Cannabinoid Hyperemesis Syndrome

Updated: May 7

In July 2021, a group of researchers released a research study entitled "Cannabinoid Hyperemesis Syndrome Survey and Genomic Investigation" that was published in the journal Cannabis and Cannabinoid Research.

The objective of the study was to "investigate genetic mutations underlying CHS. Patients with CHS diagnosis and ongoing symptoms were compared with current cannabis users lacking symptoms."


Genetic Basis

"We have discovered the genetic basis for an unusual syndrome. This is one of the true, unusual side effects of cannabis usage," said one of the study's authors during a 2021 podcast interview. "You may hear from people that cannabis doesn't have side effects. That's nonsense. It's a medicine. Everything has side effects."

The study described the controversial syndrome as a "relatively rare condition that is increasingly identified. The reason is the availability of higher THC potency material in most areas, so this is something that people need to know about, both in the medical community as well as consumers."


Of those who had previously attempted to cease cannabis consumption with the goal of reducing or eliminating their negative symptoms, 75 percent reported withdrawal symptoms that included "anxiety, depression, insomnia, and irritability."

The research involved 205 subjects who seemed to suffer from CHS and 54 control subjects, but only 28 of the subjects and 12 controls completed genomic (genetic) testing and the overall study. This was due to a variety of factors cited by the researchers, including a refusal on the part of some participants to accept that their condition might result from THC or another chemical component of the plant.


"Somewhere along the way, [participants] got cold feet," reported the study's authors. "To be honest, we had a lot of pushback from the cannabinoid hyperemesis community. There were people who questioned our motives and actually dissuaded other people from [participating]." Despite these challenges, the researchers identified five statistically significant genes that may cause CHS in some heavy cannabis consumers.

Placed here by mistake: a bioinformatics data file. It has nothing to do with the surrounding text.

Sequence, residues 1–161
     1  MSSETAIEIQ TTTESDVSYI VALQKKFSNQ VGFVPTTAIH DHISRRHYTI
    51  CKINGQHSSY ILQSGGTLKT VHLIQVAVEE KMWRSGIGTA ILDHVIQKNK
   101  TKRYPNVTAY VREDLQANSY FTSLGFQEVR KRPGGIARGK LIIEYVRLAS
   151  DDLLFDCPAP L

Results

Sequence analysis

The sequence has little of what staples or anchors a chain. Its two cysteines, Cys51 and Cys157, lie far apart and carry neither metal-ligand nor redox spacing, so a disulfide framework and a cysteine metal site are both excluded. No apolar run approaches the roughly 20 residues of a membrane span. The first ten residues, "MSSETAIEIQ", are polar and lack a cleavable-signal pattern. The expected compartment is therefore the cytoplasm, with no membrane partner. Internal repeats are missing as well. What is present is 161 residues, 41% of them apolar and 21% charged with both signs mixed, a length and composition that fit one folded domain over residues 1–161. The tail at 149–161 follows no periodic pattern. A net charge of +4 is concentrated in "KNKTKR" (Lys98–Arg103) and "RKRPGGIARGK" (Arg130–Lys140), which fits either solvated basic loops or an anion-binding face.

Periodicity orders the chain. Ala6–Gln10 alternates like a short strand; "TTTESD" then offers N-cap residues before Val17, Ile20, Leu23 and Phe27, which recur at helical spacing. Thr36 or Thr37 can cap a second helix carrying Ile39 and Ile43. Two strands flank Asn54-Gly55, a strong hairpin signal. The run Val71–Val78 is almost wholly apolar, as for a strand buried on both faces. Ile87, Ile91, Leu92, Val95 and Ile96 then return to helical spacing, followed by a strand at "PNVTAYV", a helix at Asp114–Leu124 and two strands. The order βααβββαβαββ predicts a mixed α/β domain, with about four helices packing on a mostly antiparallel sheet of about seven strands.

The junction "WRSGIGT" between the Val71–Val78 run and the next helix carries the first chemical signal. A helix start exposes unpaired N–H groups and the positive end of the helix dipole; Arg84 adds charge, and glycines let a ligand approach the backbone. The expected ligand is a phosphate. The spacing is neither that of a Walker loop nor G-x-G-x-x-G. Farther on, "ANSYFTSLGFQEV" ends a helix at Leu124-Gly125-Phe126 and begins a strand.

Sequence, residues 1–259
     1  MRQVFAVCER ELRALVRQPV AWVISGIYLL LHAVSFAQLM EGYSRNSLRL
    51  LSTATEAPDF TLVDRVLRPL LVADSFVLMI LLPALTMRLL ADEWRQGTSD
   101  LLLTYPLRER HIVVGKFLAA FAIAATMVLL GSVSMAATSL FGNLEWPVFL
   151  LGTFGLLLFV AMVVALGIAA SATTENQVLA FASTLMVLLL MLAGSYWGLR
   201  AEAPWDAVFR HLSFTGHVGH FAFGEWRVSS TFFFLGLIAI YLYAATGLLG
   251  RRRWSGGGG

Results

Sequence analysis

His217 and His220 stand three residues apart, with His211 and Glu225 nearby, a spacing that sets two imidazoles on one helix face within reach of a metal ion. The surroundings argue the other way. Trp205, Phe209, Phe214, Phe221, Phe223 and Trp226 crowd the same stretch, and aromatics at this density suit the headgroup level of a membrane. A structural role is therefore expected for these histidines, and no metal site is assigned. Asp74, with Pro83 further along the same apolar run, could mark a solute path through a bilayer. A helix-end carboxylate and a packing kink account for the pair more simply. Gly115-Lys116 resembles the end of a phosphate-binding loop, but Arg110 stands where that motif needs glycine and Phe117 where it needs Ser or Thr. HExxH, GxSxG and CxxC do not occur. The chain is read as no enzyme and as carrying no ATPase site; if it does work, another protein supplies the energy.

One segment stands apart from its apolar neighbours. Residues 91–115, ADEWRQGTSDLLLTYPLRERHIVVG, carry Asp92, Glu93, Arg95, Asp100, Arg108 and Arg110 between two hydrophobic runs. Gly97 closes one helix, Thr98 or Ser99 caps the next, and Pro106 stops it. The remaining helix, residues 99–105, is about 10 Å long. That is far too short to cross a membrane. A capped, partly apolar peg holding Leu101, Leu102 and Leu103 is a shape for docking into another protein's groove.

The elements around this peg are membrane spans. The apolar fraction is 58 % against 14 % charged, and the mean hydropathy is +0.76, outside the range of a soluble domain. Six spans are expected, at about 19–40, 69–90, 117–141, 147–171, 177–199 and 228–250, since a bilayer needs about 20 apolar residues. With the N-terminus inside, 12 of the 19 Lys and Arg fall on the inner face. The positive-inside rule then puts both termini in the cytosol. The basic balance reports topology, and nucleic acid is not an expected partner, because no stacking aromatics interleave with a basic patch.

Patients Paranoid from Pot?

"It's hard to explain this without sounding judgmental, but people with CHS are highly suspicious of the medical community," said one of the study's authors. "It's been documented in other studies. Compliance is not very good," he reported.

The study's authors explained that general practitioner doctors commonly suggest to CHS patients that they cease consumption of cannabis, but that "almost nobody can who has this." They explained that a high degree of suspicion and even paranoia is "part of the diagnosis, we're afraid."


They explained that the core source of this strange disease seems to be delta-9 THC rather than a different cannabinoid or perhaps a terpene produced by the herbal plant species. Although the most common consumption avenue among CHS patients is smoking, it can also result from other forms of use, including vaporization ("vaping") and ingestion (edibles).


"Overall, there are only several hundred reported cases [of CHS] in the literature."

Of those study participants who had previously attempted to cease cannabis consumption with the goal of reducing or eliminating their negative symptoms, 75 percent reported withdrawal symptoms that included "anxiety, depression, insomnia, and irritability."

"Overall, there are only several hundred reported cases [of CHS] in the literature. Although, from talking to emergency departments and gastroneurologists, they're seeing this more often. They consider it established enough that they don't report it anymore."

The study explained how CHS is "an unusual constellation of symptoms" that affects people solely in the context of "heavy chronic use of high-THC cannabis material."

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